Stamp Duty surcharge wrong on three levels
Chancellor George Osborne announced the change which will come into effect from April next year in last week’s joint Autumn Statement and Spending Review.
Firstly Coady said the revenue raised from the initiative will be “nominal”, secondly he predicted a rush to buy before the change occurs and thirdly he forecasted higher rents for tenants.
He said: “The stamp duty will be ineffective in helping first-time buyers, indeed it could hinder them further. If the government is serious about helping generation rent it needs to rethink. The solution to the housing crisis is not the rate of stamp duty. Planning restrictions and building more homes would be a better way to deal with the ongoing housing crisis in Britain.”
He added: “The revenue raised by this initiative – £1bn by 2021 – is a nominal figure when given the scale and seriousness of the UK’s affordable housing crisis.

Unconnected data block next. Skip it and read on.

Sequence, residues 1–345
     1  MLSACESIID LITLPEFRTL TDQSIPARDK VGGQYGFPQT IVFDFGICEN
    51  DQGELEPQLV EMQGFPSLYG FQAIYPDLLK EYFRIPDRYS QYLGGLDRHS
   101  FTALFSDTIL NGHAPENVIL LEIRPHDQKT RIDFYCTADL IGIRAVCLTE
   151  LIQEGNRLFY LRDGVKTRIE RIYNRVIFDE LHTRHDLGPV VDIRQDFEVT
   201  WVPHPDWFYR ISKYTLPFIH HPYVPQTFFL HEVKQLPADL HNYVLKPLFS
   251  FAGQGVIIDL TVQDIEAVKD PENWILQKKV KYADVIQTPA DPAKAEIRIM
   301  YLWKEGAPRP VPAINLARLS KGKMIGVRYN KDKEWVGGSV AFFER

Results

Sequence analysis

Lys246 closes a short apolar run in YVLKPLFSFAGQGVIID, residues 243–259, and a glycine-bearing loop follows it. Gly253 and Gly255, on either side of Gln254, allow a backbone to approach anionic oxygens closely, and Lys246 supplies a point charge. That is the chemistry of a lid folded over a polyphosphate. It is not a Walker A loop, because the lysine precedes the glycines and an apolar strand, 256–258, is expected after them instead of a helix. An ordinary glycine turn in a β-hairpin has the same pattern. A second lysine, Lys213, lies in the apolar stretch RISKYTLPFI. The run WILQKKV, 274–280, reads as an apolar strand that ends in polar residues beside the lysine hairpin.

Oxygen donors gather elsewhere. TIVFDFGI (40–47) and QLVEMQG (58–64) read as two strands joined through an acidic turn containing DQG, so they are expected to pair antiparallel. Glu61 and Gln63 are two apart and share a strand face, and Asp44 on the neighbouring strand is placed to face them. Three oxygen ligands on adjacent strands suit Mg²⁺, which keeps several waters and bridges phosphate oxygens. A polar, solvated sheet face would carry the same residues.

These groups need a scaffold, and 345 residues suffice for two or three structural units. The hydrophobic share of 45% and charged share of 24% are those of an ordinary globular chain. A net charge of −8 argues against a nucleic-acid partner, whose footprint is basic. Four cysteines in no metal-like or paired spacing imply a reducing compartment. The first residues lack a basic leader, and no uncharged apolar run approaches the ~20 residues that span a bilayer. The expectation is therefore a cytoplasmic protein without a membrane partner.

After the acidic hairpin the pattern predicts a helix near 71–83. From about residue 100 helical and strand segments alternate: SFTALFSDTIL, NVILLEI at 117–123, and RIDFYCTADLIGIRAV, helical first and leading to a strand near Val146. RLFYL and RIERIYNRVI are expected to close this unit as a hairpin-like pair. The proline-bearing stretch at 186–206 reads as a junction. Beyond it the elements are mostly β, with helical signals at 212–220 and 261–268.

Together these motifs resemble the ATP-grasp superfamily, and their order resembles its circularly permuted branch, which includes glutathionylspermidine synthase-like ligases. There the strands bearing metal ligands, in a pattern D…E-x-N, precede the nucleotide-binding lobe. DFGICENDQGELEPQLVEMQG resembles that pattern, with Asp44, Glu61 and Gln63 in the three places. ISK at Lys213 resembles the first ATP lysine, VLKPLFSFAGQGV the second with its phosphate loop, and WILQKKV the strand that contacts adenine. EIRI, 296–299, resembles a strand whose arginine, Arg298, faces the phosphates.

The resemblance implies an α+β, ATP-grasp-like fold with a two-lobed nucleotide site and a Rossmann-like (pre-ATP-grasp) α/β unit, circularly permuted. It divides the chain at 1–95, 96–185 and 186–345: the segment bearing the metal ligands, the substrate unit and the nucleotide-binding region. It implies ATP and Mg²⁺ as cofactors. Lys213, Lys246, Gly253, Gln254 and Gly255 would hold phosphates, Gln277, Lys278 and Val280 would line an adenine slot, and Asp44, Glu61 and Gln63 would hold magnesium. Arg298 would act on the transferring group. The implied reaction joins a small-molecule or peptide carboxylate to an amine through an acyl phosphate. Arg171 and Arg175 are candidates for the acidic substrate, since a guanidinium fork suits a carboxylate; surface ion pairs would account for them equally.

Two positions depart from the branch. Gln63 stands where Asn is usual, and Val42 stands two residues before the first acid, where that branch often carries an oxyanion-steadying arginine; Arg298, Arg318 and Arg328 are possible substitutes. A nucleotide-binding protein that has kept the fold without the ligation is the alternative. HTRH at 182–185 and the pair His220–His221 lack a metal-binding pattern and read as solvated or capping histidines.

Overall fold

“To many it seems this is something of a political stunt. The government is wanting to be seen to be acting on this emotive and topical issue and is doing so by appealing to the politics of envy with buy-to-let landlords and second homeowner the targets.
“It may trigger something of a ‘rush-to-buy’ phenomenon between now and April by those wanting to purchase a buy-to-let property racing to avoid paying the extra levy. This will, of course, push up prices in the short-term.
“Furthermore, in the medium to longer term, I don’t believe it will put off overseas or UK purchasers from investing in property.
“Those who are renting could find their rents are even higher after this policy comes into effect in April, as landlords pass on their higher costs to tenants. This, therefore, would make it even harder for first-time buyers to get on the property ladder.”